From: Marc Geddes (firstname.lastname@example.org)
Date: Sat May 22 2004 - 03:48:02 MDT
--- Eliezer Yudkowsky <email@example.com> wrote: >
Eliezer Yudkowsky wrote:
> > I think I have to side with Keith. I fear that
> > self-modification is far more dangerous than I
> would once have liked
> > to imagine. Better to devise nutritious bacon,
> cheese, chocolate,
> > and wine, than dare to mess with hunger - let
> alone anything more
> > complex. You would practically need to be a
> Friendly AI programmer
> > just to realize how afraid you needed to be, and
> freeze solid until
> > there was an AI midwife at hand to help you *very
> slowly* start to
> > make modifications that didn't have huge
> unintended consequences, or
> > take you away from the rest of humanity, or
> destroy complexity you
> > would have preferred to keep.
> Some examples of possible consequences, off the top
> of my head:
> You've got memories of enjoying cheeseburgers. What
> happens to the
> memories when the sensory substrate of recollection
> shifts? Are you
> going to keep the old hardware around for
> recollection? Will you add in
> a complex system to maintain empathy with your old
> Your old sense of taste was fine-tuned and
> integrated into your sense of
> pleasure and pain, happiness and disgust, by natural
> selection. Natural
> selection also designed everything else keyed into
> those systems. If
> you pick new senses, do they make sense? Does the
> pattern subtly clash
> with the pattern of systems already present?
> Will your new sense of taste be more or less complex
> than your old sense
> of taste? More intense or less intense? If more
> intense, does the new
> sense of taste balance with a mental system that is
> known to stay sane
> only under ancestral conditions of environment and
> neurology? Consider
> the effects on humans of non-ancestral Pringles and
> chocolate cake,
> loads of sugar and salt and fat not present in any
> ancestral foods.
> Adopting a more intense taste system can have the
> same effect, if the
> rest of the mind isn't upgraded accordingly to
> balance with the
> increased intensity of sensation.
> Maybe you would prefer to gradually grow into new
> tastes? What does the
> sharp discontinuity of direct self-alteration do to
> your sense of
> personal continuity?
> If the new taste sensation is more intense, do you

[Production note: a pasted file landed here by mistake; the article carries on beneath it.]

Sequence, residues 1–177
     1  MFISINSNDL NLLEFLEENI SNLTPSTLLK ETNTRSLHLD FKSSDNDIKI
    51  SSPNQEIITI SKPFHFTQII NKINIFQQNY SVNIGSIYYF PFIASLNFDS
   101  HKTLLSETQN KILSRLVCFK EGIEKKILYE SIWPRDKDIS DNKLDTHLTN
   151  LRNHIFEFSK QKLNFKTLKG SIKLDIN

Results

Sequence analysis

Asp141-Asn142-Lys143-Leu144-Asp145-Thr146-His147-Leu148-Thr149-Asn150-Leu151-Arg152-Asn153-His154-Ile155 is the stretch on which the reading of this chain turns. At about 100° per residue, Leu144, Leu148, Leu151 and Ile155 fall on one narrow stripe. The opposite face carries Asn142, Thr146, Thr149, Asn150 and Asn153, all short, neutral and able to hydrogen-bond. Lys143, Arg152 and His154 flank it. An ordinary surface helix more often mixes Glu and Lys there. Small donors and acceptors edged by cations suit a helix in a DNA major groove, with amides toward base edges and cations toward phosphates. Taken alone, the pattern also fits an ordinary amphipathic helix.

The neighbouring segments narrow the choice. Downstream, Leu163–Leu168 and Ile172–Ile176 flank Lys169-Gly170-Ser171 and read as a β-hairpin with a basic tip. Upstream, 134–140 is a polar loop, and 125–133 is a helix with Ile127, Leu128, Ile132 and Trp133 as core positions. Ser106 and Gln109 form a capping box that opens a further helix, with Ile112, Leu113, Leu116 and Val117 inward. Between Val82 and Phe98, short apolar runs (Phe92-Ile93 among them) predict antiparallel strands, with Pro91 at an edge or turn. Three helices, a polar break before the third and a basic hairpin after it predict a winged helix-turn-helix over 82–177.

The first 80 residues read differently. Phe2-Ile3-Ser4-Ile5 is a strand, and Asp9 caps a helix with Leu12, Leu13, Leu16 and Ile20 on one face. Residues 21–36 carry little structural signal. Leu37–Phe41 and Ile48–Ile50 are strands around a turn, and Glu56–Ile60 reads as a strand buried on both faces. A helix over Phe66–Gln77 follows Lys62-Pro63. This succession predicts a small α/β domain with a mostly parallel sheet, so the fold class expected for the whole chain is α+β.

> become addicted to
> the act of self-modification for more intense
> You're eliminating cognitive complexity of yourself
> by getting rid of
> the complex pattern of the old system. Maybe you
> would prefer not to
> eliminate the old complexity - learn to appreciate
> lettuce *in addition
> to* Pringles?
> Can you really appreciate the long-term consequences
> of altering your
> mind this way? Does the new design you decided upon
> make any sense with
> respect to those criteria that you would use if you
> thought about the
> problem long enough?
> What is the long-term effect of adopting the general
> policy of
> eliminating old complexity that inconveniences you,
> and inscribing new
> complexity that seems like a good idea at the time?
> Other humans share your current taste sensations.
> Think of your awkward
> refusal of foods at dinner, the mainstream artistry
> of cooking you'll no
> longer be able to appreciate. Are you distancing
> yourself from the rest
> of humanity? Lest someone chime in that diversity
> is automatically
> good, let me add that this is one hell of a
> nontrivial decision.
> If you can alter your taste buds any time you feel
> like it, will it
> destroy, or alter, the perceived challenge and fun
> of cooking? Consider
> the effect on baseball if people could just run
> around the bases any
> time they wanted.
> And finally, what about all the consequences, and
> categories of
> consequences, that you haven't foreseen? When you
> imagine the act of
> self-modification, you will imagine only the easily
> mentally accessible
> consequences of the act, not the actual
> consequences. Just because you
> can't see the doom, doesn't mean the doom isn't
> Eliezer S. Yudkowsky
> Research Fellow, Singularity Institute for
> Artificial Intelligence
Well, to some extent humans are 'self modifying'
themselves all the time. Babies > Kids > Teenagers >
Adults ? There may be useful analogies there.
Also, I have always been skeptical that
'self-modification' was any where near as straight
forward as you thought, even for seed A.I's. Aren't
there analogous issues that apply to seed A.I's as
much as to humans?
As you know, I'm mighty skeptical of the so-called
'philosophers of mind' who claim that there is no
'Self'. The abstract invariants behind the goal
system would form a 'Self'. So any self-modification
has to preserve the invariant to maintain personal
identity. Even a seed-A.I especially designed to
self-improve runs into the problem of maintaing
personal identity. Wouldn't even the seed-A.I be
subject to some of the same constraints that limited
human evolution? I always felt that it would have to
be more like a legacy system rather an a continuous
'redesign from scratch'.
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